Earlier this year, the Super Bowl was streamed online for the first time in the event’s history, signaling a new trend in live sports broadcasting. According to NBC Sports, a total of 2.1 million people in the U.S. accessed the stream – a drop in the bucket when you consider that more than 110 million people tuned in on TV, but an achievement all the same for one of the biggest digital experiments to date.
Many have since commented that the Super Bowl was an unfair test of online sports broadcasting, as Super Bowl tradition dictates that people congregate around the TV at parties and gatherings with friends, leaving only those without access to a TV to watch the live stream.
The 2012 summer Olympic Games in London, however, will be the true barometer of online streaming success – and with it, online advertising for content streamed live online. As Rick Cordella, VP-general manager of NBC Sports and Olympics Digital told Advertising Age, “It will be the biggest digital event that this country has ever seen.”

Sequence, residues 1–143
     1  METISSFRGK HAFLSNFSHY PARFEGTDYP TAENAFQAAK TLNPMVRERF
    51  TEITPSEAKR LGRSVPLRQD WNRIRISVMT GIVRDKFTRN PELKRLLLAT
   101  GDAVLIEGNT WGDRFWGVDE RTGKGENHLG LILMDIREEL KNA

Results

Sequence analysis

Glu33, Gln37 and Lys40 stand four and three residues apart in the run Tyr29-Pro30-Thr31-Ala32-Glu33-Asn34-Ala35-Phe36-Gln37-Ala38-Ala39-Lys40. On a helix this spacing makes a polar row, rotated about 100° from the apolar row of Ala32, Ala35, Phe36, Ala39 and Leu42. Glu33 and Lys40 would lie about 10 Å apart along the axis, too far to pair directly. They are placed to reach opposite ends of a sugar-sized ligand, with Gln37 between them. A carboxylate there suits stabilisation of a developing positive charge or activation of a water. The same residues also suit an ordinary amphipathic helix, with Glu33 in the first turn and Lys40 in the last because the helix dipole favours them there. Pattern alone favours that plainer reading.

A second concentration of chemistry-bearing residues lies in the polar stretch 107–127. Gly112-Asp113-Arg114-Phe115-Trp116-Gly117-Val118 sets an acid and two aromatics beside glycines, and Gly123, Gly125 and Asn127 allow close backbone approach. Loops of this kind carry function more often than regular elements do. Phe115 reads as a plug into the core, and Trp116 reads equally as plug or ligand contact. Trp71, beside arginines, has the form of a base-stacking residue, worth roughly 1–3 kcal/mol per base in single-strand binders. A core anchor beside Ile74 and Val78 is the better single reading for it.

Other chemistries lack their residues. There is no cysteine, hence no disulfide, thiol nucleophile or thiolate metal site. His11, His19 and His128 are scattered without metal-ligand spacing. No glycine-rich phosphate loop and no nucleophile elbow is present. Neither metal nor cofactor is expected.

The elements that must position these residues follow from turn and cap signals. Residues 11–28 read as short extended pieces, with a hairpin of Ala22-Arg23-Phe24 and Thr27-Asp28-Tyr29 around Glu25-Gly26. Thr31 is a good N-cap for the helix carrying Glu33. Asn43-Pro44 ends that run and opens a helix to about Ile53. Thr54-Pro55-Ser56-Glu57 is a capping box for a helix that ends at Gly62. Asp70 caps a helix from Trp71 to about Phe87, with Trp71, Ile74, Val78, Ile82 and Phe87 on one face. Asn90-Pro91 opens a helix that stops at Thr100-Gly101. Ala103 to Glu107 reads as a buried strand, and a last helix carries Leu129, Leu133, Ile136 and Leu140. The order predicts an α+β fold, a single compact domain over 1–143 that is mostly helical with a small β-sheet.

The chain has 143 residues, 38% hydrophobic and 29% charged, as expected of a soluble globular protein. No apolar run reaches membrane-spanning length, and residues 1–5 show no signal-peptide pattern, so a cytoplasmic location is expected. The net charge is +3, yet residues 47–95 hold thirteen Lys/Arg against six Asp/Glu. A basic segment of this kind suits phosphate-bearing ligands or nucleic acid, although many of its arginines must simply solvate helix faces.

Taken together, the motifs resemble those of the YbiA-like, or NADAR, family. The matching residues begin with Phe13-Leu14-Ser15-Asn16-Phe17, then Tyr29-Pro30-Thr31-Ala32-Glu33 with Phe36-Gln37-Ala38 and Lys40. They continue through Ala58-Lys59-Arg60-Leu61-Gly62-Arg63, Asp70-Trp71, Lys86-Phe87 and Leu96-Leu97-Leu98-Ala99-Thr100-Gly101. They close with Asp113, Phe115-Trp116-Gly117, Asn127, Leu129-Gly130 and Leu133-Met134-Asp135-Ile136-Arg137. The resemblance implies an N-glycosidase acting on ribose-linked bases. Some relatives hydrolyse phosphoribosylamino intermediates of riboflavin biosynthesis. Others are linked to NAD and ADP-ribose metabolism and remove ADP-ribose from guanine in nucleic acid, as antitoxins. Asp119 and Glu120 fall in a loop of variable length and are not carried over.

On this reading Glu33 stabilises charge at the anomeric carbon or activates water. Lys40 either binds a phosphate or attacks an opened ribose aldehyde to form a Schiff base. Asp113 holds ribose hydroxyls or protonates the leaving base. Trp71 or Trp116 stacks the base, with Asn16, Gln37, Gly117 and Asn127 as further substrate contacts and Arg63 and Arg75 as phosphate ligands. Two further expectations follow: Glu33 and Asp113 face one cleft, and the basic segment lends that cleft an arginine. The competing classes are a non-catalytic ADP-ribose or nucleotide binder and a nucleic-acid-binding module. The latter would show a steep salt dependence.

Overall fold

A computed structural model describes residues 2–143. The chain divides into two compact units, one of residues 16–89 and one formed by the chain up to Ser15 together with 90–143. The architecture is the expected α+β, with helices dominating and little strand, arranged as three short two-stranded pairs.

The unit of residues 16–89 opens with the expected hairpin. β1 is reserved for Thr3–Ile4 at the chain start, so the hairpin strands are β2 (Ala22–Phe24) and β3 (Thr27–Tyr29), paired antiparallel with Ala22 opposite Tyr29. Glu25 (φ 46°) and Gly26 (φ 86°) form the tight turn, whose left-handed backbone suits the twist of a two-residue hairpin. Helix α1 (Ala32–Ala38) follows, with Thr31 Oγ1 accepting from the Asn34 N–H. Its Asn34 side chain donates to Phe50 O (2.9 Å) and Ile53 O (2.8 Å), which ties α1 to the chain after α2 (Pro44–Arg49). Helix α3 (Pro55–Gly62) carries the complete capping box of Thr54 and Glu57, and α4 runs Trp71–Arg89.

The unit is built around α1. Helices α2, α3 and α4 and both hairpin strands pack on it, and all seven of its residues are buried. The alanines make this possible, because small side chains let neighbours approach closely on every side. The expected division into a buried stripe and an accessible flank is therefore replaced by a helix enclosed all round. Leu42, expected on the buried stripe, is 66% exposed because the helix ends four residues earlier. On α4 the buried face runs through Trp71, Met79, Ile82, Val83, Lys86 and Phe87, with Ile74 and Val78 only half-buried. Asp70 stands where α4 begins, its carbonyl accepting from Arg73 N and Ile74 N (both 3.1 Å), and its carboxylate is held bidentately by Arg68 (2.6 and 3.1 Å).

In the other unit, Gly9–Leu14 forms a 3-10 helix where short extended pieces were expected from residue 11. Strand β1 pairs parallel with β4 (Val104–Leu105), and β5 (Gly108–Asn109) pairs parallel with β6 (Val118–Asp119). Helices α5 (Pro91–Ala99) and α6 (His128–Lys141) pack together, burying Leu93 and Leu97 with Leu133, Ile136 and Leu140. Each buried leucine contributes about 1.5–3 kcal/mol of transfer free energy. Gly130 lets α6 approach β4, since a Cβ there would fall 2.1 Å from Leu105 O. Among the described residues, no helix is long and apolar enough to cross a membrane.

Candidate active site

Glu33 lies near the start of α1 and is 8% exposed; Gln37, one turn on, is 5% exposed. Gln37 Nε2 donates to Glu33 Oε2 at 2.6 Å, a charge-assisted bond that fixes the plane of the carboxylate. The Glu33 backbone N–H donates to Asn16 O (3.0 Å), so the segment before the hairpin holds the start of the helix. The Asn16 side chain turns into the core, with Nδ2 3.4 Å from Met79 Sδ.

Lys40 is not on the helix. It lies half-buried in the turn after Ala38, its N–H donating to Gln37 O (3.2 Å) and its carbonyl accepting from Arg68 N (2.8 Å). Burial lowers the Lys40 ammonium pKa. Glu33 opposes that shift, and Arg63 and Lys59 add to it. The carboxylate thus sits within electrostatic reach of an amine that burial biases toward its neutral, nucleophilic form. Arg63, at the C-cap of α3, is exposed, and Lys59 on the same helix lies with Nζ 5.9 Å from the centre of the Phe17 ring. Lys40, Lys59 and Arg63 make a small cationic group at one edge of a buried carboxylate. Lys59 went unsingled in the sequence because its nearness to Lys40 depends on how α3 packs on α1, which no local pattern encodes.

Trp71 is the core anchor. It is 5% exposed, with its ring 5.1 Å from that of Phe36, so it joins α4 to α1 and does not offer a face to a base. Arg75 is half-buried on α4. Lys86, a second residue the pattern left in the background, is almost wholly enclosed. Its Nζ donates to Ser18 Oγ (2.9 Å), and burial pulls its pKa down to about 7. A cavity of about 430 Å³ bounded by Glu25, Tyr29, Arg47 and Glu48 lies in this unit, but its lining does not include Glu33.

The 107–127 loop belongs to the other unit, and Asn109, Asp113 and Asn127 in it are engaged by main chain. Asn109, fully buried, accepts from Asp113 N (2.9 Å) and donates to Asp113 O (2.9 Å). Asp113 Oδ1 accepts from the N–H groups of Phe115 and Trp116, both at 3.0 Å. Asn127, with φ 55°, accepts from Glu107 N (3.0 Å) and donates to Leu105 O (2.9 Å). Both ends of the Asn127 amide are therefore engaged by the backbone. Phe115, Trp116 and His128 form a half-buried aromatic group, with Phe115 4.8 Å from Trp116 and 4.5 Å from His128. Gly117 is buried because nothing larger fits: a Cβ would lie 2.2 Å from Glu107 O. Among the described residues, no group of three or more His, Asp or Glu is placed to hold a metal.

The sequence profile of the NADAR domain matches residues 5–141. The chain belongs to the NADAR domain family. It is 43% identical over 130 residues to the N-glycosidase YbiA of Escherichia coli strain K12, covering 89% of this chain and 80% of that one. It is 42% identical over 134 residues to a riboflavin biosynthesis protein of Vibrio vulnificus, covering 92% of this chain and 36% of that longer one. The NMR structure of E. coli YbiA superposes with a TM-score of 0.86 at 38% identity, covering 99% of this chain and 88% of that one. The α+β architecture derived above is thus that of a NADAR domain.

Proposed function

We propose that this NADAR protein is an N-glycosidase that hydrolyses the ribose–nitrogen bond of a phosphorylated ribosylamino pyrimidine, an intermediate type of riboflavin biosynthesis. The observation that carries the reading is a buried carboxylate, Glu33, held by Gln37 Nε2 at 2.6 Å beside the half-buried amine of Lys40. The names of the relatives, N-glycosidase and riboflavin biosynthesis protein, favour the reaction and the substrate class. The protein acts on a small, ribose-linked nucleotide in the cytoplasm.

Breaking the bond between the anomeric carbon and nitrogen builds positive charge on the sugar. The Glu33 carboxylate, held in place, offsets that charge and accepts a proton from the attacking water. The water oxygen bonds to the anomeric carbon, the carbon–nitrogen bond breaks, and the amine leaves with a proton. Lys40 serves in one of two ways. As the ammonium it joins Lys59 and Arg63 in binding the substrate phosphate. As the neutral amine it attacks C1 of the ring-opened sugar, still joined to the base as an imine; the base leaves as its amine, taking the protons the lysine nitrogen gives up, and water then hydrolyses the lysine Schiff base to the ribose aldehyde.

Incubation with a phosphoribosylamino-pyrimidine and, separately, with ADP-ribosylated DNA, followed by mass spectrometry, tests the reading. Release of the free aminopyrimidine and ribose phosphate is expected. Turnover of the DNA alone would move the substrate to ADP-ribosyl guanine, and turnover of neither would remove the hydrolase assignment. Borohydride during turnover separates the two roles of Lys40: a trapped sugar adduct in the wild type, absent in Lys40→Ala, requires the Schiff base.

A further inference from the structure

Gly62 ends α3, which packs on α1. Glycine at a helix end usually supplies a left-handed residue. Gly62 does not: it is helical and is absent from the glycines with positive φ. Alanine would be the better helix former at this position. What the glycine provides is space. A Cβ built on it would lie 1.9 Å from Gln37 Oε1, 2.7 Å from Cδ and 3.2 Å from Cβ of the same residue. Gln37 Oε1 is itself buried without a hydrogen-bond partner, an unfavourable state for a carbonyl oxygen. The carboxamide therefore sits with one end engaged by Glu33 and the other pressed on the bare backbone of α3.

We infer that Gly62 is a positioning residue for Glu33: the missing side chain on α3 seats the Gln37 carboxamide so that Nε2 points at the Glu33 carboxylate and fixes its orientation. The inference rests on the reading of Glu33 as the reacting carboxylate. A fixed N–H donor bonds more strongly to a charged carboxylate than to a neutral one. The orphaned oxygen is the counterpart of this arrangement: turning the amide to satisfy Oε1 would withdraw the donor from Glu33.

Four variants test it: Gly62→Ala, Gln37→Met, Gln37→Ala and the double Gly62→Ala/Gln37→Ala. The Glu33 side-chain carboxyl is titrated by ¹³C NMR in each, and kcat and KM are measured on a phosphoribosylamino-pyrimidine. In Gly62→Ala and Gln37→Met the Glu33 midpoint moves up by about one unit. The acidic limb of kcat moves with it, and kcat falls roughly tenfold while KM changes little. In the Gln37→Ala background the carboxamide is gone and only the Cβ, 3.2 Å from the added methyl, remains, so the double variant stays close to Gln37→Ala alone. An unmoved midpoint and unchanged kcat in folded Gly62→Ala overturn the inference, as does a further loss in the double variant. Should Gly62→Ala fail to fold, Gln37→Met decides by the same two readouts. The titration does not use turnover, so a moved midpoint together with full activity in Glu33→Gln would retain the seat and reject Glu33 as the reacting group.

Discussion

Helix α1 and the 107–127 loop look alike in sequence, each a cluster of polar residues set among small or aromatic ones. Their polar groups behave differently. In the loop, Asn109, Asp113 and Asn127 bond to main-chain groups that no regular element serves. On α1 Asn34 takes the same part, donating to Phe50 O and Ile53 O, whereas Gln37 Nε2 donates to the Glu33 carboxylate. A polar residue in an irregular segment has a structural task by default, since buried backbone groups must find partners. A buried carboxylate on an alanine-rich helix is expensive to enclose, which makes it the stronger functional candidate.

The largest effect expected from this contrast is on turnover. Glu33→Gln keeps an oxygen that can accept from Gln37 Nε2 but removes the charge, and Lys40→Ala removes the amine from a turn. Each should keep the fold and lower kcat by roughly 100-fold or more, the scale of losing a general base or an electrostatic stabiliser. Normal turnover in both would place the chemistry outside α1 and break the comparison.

Because NBC Sports will be able to stream all events simultaneously, rather than delay content to prime-time, there is an element of experimentation involved. “We’ll find out by Day 3 what our cruising altitude is going to be,” Mr. Cordella explained. “We’re making a guess at it. We just don’t know.” Advertisers will be playing a similar guessing game but have been happy to invest in the medium with NBC having doubled its digital ad sales compared with the last Beijing Games on 2008.
What we do know is that there will be huge volumes of data generated across the three week period. However it will be interesting to see how this is used. The volumes will provide a massive challenge in terms of trying to collect, understand and make sense of it all, especially across 36 different sports and the differing audiences they will attract, and then throwing in what actual time of day events will be streamed as a result of time zone differences. Good luck to those tasked with trying to work out what all this data means and, most importantly, what to do with it.